5 drumsticks (or the amount of chicken of your choice)

Peanut oil for frying

Salt, pepper, and red pepper for seasoning

According to Paula’s grandmother, your chicken should stand, seasoned, in the refrigerator for at least two  hours.  So begin by seasoning your chicken and putting it in the fridge to hang.  When it’s time for cookin’, go ahead and pour your oil into a cast iron pan.  The ideal temperature for your oil is 350*.  I have a twelve inch cast iron pan, and I poured 32 ounces of peanut oil into it.  Your oil should be about an inch deep, so depending on the size of your pan, the amount of oil will vary.

Whisk the eggs with the water.  Mix the pepper, the red pepper, and the flour together, and place in a shallow bowl.  The best way to bread your chicken is a factory line setting.  I had the plate with the chicken, the egg mixture, the flour, and a plate waiting at the end.  When it was time to double dip, I rinsed off the first plate and switched them.  So, dip your chicken in the egg, dip them in the flour, and repeat.

Once your oil is the right temperature, gently place the chicken in with tongs.  Gently mostly so you don’t make such a mess of your floor and stove.  Set your timer for twenty minutes, and flip the chicken every two minutes.  The chicken should get very crispy and should appear a little more brown everytime you flip it.  If at twenty minutes it hasn’t reached that golden brown color that chicken should be, keep going, flipping every one minute.

Gently remove from oil, let cool slightly, and serve.

Serves 2-5.

*A note on what to do with your oil.  I’ve spent enough time watching my father fry things in peanut oil and cook in cast iron pans to know that there are some things that get better with age and use.  Both your pan and your oil will gain flavor and seasoning from this experience.  So if you’re going to fry again, keep your oil.  If you’re not, put your oil back into it’s container and throw it away, or try and find an oil recycling program in your area.  If you pour it down your sink the only person you’ll be hurting is yourself… the plumbing bill will outweigh any time saved by dumping it.

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Fresh Pumpkin Pie with Spiced Whipped Cream


Pumpkin pie was one of the first things that I learned how to make.  Using canned pureed pumpkin, my grandmother made it frequently throughout the fall and winter, along with fresh whipped cream to accompany it.  I love pumpkin pie, and always have, so it was a recipe that I dedicated myself to mastering.


When my grandmother died a few years ago, it became my responsibility to keep making the recipes that my father didn’t know how to make.  The first time he had my pumpkin pie, he looked at me and exclaimed “Bobbie taught you how to make it!”  Now I was in a predicament.  You see, my grandmother’s recipe was loosely based on the recipe given on the side of the Libby’s can.  My father wouldn’t believe me, so finally I conceded that my grandmother had made the recipe her own, which was not entirely a lie.


Now I’ve been making that Libby’s variation for years, and there’s a special place in my heart.  But this fall, with a year-round farmer’s market mere blocks from my house, it seemed wasteful not to use a real pumpkin.  So, this morning, I set out to make a completely from scratch pumpkin pie, based on Rebecca Wood‘s recipe.


After an embarrassing moment at the farmers market when, in front of the merchant, I wrongly identified a squash as a pumpkin, I set off.  The recipe, which tastes better than I imagined, had a few issues.  For one, the dough.  Now, I always tell myself to keep an open mind about dough, because there is that chance that I could happen upon a great recipe.  This was not a great recipe.  It was too hard and fell apart all over the place when I tried to roll it out.  I ended up piecing it together in the pie dish, which is not ideal.  To it’s credit, it did taste fine.  But what crust doesn’t taste fine with all the spiced goodness that is pumpkin pie on top of it?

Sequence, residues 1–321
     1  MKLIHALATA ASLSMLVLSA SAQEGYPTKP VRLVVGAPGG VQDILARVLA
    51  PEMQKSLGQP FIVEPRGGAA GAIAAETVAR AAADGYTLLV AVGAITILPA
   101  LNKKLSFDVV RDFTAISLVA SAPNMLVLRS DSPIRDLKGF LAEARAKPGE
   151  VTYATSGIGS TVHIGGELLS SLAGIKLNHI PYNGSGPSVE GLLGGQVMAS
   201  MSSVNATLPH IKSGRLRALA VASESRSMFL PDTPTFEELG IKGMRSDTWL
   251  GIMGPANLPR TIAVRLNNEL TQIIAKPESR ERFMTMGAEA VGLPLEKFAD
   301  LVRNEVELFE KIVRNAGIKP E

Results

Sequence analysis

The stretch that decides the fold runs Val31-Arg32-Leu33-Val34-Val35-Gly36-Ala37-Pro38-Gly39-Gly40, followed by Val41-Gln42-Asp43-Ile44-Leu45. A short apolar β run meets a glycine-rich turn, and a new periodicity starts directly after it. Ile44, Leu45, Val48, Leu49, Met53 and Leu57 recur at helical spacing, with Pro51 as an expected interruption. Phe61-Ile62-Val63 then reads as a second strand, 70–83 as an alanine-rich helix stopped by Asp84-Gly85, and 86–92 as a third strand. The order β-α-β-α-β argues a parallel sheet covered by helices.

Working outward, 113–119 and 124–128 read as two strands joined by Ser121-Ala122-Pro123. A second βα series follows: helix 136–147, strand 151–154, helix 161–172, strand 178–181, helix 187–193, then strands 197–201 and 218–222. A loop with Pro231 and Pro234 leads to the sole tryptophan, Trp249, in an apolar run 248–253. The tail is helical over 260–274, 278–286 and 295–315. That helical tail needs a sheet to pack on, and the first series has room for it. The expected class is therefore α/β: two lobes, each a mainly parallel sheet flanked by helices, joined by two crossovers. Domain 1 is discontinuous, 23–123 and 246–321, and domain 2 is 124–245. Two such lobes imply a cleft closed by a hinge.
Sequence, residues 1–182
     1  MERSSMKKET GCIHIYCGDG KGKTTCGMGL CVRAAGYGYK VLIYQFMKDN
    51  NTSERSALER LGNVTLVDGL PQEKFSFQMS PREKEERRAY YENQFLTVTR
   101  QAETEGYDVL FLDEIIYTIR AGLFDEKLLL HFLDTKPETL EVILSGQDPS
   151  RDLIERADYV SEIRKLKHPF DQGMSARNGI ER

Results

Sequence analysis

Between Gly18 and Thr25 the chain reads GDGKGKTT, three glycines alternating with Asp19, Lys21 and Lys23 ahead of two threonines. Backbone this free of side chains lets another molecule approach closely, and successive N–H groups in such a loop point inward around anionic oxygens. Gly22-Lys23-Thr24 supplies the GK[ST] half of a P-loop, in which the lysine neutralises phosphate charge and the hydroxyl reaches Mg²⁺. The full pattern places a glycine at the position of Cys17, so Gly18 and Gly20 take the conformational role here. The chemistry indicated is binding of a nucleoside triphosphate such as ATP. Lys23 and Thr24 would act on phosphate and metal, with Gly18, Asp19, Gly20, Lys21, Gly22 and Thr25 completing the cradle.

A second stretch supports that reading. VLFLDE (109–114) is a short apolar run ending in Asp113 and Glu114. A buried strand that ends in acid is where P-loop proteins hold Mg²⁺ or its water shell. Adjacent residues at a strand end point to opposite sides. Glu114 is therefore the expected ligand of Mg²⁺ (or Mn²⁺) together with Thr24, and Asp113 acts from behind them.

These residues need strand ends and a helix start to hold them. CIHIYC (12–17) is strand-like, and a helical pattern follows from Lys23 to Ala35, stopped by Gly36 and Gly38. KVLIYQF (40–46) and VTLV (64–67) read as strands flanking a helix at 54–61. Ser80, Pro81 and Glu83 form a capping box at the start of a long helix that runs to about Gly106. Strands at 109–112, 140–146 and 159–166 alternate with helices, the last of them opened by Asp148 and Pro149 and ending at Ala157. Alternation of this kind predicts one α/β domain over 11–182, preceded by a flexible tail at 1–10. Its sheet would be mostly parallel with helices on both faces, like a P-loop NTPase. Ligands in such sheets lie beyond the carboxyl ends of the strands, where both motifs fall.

Also, the recipe calls for one sugar pumpkin to yield two cups of puree.  Now, I bought two pumpkins that were labeled “p” for pie-worthy.  They were normal sized smallish pumpkins, but the puree of the two barely made a cup and a quarter.  So, when you’re making this, try and find bigger smallish pumpkins, or buy three.


Other than that, and the fact that it was not quite as orange as I expected it to be (blame my shortage of puree), it was a yummy recipe, one that I will make again (with better dough).


Fresh Pumpkin Pie

Source: Rebecca Wood 

For the pie:

2 sugar pumpkins*

2 eggs

1/2 cup sugar

1 1/4 cup heavy cream

Dash of nutmeg

Dash of cinnamon

Dash of ginger

Dash of pumpkin pie spice

For the dough:

1 cup all purpose flour

4 tbsp cold water

1 1/2 sticks of butter, cold

Pumpkin pie spice

Dash of sea salt

Start with the dough, since it will need to refrigerate.  Mix together your flour, spices and salt.  Knead in sliced butter until the texture is like corn meal.  Slowly drizzle in water, and with your hands or a wooden spoon, mix together until a dough forms.  Flatten into a disc, cover in plastic wrap, and refrigerate for one hour.

Preheat your oven to 350*.  Slice the pumpkins in half, gut, and bake, shell side up for one hour.  Let cool a little, and then scrape the pulp out of the shell.  Puree in a blender or food processor, until smooth.  Put aside.  In a medium mixing bowl, beat eggs.  Add in puree and heavy cream, using a whisk to incorporate.  Add spices, and stir until totally mixed.

Raise temperature to 425*.  Press dough into pie shell, and pour pumpkin mix into shell.  Bake for fifteen minutes at 425*, and then for forty minutes at 350*.

Spiced Whipped Cream

1 cup heavy whipping cream

4 tbsp sugar

1 tsp vanilla extract

Dash of nutmeg

Dash of cinnamon

Dash of pumpkin pie spice

Pour cream into medium sized bowl.  Using the whisk attachment on your hand mixer, start mixing at a medium speed.  When the cream starts to thicken, add the sugar, vanilla, and spices.  Continue to whip until soft peaks form.  Plop a dollop on top of your pie and serve.


*When pumpkins are out of season (December-August), there is really no shame in substituting the homemade puree with a can of store bought pumpkin puree, which is (so it claims) 100% pure pumpkin